By Jesse Marx
By Chris Parker
By Jake Rossen
By Jesse Marx
By Michelle LeBow
By Alleen Brown
By Maggie LaMaack
By CP Staff
Another difference in the deserter generations seems to be their level of combat experience. John Hagan, a sociologist at Northwestern University and the author of Northern Passage, a book about the migration of Americans to Canada during Vietnam, says 80 percent of the 25,000 draft-aged men who fled to Canada bailed after receiving draft notices and never actually fought. Now, while the Army's Hall maintains that most deserters are junior troops who leave their units early in their military careers for personal, not moral or philosophical, reasons, the Toronto deserters don't fit that description. Most served for at least two years. Patrick Hart, a former sergeant from New York who served with the 101st Airborne Division, was an active-duty soldier for nearly 10 years and did one tour in Iraq, while Dean Walcott, of Connecticut, served the Marine Corps for nearly five years and did two Iraq tours. Unlike soldiers in Vietnam, who only did one tour unless they re-enlisted, today's troops are deployed multiple times, which is making for a new, more battle-tested type of war deserter.
Regardless of differences between the deserter generations, today's deserters in Canada have a similar unwillingness to fight in an unpopular war. To Zaslofsky, they are even more courageous than he and his peers were. "In a way I value them a lot more than my generation," he says. "We had this vast antiwar movement to support us and inform our decisions. They don't have that. They've come to this individually, not because of some mass political indoctrination."
JOSHUA KEY'S UNEASINESS about the Army's presence in Iraq began in the first months of the war in 2003 as he served with Fort Carson's 43rd Combat Engineer Company in Ramadi. His platoon would raid one to four houses each night in search of insurgents or evidence of terrorism, but night after night all they found were tidy, middle-class homes filled with terrified families, he writes in The Deserter's Tale, his autobiography as told to Canadian writer Lawrence Hill. Drawn from his recollections and with little or no corroboration from other soldiers, the book is a haunting chronicle of the mounting disillusionment that led him to desert. As his unit stormed through Iraqi homes, he recounts, they'd shout at the inhabitants to "Get down!" and "Shut the fuck up!" in English, then knock the men to the ground, often beating them before hauling them off for transport to a detention facility. "We tore the hell out of those places," Key writes, "blasting apart doors, ripping up mattresses, and ripping drawers from dressers. From all our ransacking, we never found anything other than the ordinary goods that ordinary people keep in their houses." He also tells how the soldiers—him included—would steal from families during the raids, making off with knives, jewelry, gold, cash and, once, a television.
Parts of the book read like scenes out of Apocalypse Now. One chapter tells of an Army specialist who liked to release aggression by body-slamming corpses in a shed, while another shows members of Key's unit coming upon the bodies of dead Iraqis near the Euphrates River and kicking their severed heads around like soccer balls. Perhaps most traumatic for Key was watching, helpless, as a young Iraqi girl he'd befriended while guarding a hospital was felled by M16 gunfire from an unknown location. All this, he writes, led him to conclude that the American military "had become a force for evil, and I could not escape the fact that I was part of the machine."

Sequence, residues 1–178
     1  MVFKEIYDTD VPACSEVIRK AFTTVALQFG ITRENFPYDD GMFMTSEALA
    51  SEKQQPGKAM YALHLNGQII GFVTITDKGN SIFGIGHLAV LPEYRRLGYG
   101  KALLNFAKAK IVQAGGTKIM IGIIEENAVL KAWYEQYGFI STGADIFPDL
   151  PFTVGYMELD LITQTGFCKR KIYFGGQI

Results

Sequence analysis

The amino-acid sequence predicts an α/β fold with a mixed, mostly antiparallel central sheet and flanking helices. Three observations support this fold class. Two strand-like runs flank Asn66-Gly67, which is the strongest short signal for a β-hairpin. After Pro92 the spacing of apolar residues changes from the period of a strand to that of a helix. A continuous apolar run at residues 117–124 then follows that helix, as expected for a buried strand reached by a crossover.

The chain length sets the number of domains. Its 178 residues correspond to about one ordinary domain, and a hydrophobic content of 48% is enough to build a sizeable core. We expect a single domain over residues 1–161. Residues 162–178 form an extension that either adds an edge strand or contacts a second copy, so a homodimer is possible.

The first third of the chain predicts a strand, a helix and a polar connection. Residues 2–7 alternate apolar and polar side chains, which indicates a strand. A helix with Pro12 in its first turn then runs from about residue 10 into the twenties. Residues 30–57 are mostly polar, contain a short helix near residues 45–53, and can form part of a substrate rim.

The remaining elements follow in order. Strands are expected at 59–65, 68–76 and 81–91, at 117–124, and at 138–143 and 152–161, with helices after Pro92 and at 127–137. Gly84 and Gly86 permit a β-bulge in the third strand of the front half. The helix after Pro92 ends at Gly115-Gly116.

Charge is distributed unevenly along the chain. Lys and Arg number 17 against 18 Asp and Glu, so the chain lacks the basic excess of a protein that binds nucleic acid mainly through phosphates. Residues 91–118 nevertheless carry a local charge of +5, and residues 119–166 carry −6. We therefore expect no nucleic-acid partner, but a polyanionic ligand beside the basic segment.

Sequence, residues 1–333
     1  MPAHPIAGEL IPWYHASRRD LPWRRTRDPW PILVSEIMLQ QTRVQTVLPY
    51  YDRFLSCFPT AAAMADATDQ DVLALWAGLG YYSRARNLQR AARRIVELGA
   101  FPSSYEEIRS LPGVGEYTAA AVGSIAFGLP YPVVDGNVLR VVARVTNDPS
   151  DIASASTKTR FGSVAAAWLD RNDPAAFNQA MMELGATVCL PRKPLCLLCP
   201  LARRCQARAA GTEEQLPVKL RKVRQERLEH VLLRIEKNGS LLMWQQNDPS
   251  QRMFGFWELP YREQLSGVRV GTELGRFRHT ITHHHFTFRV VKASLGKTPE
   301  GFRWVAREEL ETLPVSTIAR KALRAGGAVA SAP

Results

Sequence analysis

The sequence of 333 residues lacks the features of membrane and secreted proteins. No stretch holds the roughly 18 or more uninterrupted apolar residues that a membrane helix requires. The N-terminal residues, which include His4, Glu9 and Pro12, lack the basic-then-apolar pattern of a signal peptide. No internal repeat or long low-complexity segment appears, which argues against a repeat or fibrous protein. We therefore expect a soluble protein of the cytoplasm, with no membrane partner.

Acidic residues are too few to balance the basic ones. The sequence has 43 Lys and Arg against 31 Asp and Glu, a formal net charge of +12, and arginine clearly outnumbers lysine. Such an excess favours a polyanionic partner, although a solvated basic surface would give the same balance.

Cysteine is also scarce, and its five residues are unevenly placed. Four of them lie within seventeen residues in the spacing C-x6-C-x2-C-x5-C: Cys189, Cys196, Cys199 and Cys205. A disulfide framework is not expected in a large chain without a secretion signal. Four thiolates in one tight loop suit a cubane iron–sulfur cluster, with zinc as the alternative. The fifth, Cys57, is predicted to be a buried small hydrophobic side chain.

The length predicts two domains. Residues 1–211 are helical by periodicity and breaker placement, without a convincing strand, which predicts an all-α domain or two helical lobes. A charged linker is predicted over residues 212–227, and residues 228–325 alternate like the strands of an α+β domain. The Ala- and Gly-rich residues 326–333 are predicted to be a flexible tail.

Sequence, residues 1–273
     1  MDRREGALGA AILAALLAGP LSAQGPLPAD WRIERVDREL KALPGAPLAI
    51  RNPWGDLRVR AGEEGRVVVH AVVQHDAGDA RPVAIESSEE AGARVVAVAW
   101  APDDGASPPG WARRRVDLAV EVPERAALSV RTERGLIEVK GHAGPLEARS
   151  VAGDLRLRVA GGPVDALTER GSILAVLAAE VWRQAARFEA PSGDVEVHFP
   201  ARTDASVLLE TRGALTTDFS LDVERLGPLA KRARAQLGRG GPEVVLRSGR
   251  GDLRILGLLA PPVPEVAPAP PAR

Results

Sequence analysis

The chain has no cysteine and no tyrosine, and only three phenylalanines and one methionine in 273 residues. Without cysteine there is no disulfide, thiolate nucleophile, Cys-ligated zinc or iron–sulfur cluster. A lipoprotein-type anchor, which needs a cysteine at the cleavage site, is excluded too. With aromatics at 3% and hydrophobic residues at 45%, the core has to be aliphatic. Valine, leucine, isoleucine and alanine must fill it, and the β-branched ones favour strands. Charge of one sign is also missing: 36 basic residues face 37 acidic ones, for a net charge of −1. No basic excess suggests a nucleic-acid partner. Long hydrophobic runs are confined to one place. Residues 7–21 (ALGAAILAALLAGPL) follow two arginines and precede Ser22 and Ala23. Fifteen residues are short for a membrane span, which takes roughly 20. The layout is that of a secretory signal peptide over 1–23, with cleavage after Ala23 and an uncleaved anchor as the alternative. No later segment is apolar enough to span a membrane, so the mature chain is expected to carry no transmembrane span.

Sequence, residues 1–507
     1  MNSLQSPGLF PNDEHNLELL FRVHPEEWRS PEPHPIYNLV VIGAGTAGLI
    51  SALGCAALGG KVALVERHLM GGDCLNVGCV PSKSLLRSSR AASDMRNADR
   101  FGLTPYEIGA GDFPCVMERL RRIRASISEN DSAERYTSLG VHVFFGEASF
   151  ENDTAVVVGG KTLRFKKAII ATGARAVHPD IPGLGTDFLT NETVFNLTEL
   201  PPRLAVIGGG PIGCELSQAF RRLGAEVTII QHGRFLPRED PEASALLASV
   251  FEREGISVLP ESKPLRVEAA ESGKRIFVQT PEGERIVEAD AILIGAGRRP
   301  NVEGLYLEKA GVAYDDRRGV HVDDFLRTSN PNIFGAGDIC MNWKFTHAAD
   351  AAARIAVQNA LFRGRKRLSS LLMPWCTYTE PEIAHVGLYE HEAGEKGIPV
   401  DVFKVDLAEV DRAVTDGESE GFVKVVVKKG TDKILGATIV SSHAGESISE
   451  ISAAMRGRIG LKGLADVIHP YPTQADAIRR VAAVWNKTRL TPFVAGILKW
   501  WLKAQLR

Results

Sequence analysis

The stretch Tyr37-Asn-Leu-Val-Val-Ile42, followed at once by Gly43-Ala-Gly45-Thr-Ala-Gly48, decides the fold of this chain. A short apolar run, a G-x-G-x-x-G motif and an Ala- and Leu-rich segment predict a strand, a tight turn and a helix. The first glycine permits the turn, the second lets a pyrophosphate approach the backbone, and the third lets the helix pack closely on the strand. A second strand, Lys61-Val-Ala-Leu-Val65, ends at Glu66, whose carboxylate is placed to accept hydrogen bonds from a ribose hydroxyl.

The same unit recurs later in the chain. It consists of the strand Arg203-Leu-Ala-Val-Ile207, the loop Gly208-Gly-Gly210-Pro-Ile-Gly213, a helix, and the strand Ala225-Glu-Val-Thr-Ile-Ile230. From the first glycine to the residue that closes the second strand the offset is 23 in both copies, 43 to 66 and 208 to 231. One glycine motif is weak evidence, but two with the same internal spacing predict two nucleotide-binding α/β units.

QUESTIONS ABOUT THE legality of the Iraq War were an integral part of the initial case for deserters pursuing asylum in Canada. When they began arriving in 2004 and 2005, their lawyers filed claims for refugee status based on the Geneva Conventions and the fact that the United Nations High Commissioner for Refugees handbook says a deserter is entitled to asylum if he has refused to participate in a war judged to be unlawful by the international community. But Alyssa Manning, the attorney representing at least a dozen of the deserters, including Rivera and Key, explains that the Canadian courts have declined to consider the legality of the Iraq War in their rulings.
"When they were first coming, the idea was that the war itself was illegal so they shouldn't have to fight in it," Manning says. "Jeremy Hinzman's 2004 refugee claim was based on that, but the refugee board, the federal court, and the federal court of appeal refused to consider that." Key is the only one still waiting on a pending refugee claim, since he and Manning are arguing that he merits asylum not because the war itself is illegal but because he was ordered to commit acts—such as the house raids—that have been condemned by the international human rights community.
In most of the cases, instead of pursuing refugee claims, Manning is applying for permanent residence based on humanitarian and compassionate grounds. That requires showing that the deserters would face hardship if they returned to the United States to apply from afar. So far, the immigration ministry has denied all of the requests and Manning has requested judicial review. Three of her petitions for judicial review have been granted, and more are pending. If the federal court reviews a case and finds fault with the decision, rather than reversing it, the court's ruling signals a chance to start the process anew and maybe get a different outcome.